With rising concerns over how the industry will bounce back, some brewers have no expectation that they will survive the remaining days lockdown.

“We won’t make it. Rent and keeping the staff going with no sales means we won’t have the cash flow to buy ingredients to start up production again, unless we can get an investor to help us through,” one respondent states in the survey.

Wendy Pienaar of CBASA
Wendy Pienaar of CBASA.

Chairperson of the CBASA, Wendy Pienaar, is worried about craft beer and its uncertain future. She says government’s opening the industry more – specifically lifting the restrictions on on-consumption – will be the first step on the road to recovery for brewers. However, for some the damage is irreparable.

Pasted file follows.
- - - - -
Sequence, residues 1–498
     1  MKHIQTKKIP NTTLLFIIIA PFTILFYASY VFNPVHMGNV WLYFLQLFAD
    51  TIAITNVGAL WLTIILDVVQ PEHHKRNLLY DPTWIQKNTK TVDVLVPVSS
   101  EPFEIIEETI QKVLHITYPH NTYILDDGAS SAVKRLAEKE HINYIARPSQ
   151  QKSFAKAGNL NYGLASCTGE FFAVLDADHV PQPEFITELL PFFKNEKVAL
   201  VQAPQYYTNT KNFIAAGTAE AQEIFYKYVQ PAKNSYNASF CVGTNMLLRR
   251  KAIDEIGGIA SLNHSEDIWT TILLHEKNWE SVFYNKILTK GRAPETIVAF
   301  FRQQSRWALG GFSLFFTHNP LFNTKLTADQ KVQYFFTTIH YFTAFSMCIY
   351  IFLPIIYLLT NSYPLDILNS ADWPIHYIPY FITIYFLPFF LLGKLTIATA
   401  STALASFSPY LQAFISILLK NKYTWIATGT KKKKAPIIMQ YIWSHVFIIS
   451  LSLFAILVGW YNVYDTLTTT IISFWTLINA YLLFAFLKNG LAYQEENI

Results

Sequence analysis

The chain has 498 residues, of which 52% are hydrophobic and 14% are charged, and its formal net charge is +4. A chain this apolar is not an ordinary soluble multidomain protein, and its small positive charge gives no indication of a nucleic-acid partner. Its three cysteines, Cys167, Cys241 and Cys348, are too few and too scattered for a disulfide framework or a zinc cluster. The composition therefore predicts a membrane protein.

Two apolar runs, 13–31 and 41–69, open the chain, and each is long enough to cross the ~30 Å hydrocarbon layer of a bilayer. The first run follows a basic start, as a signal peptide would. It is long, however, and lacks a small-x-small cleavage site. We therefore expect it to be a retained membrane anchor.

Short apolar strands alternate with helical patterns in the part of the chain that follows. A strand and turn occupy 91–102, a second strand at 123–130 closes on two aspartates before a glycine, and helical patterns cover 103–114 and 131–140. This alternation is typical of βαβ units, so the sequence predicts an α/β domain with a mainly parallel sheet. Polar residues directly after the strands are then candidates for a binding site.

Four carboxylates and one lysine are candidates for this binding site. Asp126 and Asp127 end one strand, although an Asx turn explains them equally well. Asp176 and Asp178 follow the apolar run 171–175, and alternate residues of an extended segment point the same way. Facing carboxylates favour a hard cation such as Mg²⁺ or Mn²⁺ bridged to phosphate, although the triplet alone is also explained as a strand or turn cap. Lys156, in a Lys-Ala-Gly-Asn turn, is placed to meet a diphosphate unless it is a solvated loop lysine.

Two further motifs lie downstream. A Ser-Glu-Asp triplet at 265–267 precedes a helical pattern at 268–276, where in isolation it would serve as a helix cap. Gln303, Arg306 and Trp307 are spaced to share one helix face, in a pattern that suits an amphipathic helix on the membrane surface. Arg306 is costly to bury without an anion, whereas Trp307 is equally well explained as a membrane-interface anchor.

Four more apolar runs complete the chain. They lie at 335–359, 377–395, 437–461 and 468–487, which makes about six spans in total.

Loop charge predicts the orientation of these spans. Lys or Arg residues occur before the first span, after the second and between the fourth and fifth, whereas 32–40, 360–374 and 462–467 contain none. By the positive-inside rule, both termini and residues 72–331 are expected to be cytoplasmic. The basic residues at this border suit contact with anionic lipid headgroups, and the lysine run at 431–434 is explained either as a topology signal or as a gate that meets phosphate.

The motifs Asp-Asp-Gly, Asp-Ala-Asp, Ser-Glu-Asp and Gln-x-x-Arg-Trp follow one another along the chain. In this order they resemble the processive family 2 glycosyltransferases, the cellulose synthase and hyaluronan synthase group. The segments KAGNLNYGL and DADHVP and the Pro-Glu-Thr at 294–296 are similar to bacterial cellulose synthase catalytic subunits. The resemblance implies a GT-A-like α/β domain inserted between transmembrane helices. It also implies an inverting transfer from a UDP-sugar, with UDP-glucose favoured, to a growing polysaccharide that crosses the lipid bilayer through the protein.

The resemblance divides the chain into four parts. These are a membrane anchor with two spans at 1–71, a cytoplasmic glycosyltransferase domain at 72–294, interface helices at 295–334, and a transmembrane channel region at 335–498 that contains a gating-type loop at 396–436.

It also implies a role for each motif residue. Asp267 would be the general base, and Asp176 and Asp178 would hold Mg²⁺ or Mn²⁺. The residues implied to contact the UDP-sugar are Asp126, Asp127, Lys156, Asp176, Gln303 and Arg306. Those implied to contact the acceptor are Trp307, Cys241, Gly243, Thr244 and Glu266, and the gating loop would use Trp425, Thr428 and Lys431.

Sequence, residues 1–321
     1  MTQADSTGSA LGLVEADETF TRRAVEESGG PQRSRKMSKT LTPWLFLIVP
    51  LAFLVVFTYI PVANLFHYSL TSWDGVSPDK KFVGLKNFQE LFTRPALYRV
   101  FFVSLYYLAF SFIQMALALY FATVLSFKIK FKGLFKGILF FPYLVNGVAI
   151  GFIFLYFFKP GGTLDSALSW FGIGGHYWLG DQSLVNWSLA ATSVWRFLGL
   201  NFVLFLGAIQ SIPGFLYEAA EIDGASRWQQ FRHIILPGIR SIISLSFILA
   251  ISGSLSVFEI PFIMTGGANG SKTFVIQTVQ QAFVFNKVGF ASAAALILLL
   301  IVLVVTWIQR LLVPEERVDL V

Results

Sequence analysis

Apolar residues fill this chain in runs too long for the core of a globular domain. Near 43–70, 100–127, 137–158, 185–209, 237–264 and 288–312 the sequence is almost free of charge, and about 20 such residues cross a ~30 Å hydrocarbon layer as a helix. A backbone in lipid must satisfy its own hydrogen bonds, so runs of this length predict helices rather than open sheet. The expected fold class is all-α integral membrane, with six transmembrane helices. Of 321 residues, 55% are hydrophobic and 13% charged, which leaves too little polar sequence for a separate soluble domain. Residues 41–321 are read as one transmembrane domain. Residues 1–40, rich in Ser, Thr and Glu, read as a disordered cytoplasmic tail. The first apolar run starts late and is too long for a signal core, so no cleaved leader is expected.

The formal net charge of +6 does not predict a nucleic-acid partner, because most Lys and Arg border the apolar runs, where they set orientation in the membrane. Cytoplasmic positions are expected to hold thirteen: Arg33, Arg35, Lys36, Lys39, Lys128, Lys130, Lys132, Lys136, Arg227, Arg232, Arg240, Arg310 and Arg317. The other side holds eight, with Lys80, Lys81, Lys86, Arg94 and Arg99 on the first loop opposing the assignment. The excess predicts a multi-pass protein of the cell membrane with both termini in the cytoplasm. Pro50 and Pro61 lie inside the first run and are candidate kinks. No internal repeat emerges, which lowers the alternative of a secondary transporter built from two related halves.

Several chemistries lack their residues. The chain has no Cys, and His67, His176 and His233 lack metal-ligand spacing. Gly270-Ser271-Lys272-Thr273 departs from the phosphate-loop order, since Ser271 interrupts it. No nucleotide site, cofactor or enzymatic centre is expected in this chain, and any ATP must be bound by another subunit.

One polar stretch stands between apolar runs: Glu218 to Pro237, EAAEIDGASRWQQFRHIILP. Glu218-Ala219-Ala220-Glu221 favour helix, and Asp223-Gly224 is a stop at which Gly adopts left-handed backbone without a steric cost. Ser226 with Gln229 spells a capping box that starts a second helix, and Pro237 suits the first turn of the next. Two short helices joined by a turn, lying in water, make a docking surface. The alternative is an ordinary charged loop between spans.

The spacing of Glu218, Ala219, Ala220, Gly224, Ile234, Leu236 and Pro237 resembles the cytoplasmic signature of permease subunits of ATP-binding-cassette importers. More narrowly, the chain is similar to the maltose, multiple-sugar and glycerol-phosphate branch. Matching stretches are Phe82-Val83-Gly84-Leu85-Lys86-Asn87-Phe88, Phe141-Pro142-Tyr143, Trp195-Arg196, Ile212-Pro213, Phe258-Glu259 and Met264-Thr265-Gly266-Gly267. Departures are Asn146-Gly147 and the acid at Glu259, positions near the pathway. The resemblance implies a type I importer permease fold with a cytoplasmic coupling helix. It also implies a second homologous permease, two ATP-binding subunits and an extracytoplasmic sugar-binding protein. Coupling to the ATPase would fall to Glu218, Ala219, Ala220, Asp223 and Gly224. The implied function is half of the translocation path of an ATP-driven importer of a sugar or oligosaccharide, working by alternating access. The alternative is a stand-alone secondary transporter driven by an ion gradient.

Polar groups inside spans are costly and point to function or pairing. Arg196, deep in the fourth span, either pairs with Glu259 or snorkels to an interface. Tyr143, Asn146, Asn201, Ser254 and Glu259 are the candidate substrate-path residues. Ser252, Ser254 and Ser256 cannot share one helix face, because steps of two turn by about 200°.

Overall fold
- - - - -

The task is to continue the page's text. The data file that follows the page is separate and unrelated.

“Our sector already lost 15% of South African craft breweries and 68% of those still trading have a negative outlook for the sustainability of their businesses going forward,” she says.

Pienaar says the future of craft breweries in South Africa is extremely unpredictable and they are calling on the government to work with them give their sector a fighting chance of survival. She tells Food For Mzansi they just want to work with government to revive the industry.

“It needs to be a team effort, but at the moment our biggest problem is that government does not want to work with the industry,” she exclaims.

Pienaar’s says that 63% of craft breweries and brewpubs retrenched staff during May and June. Close to 70% of these businesses indicated that they retrenched more than 50% of their workforce. Eight breweries retrenched all their staff members.

Little covid-19 relief received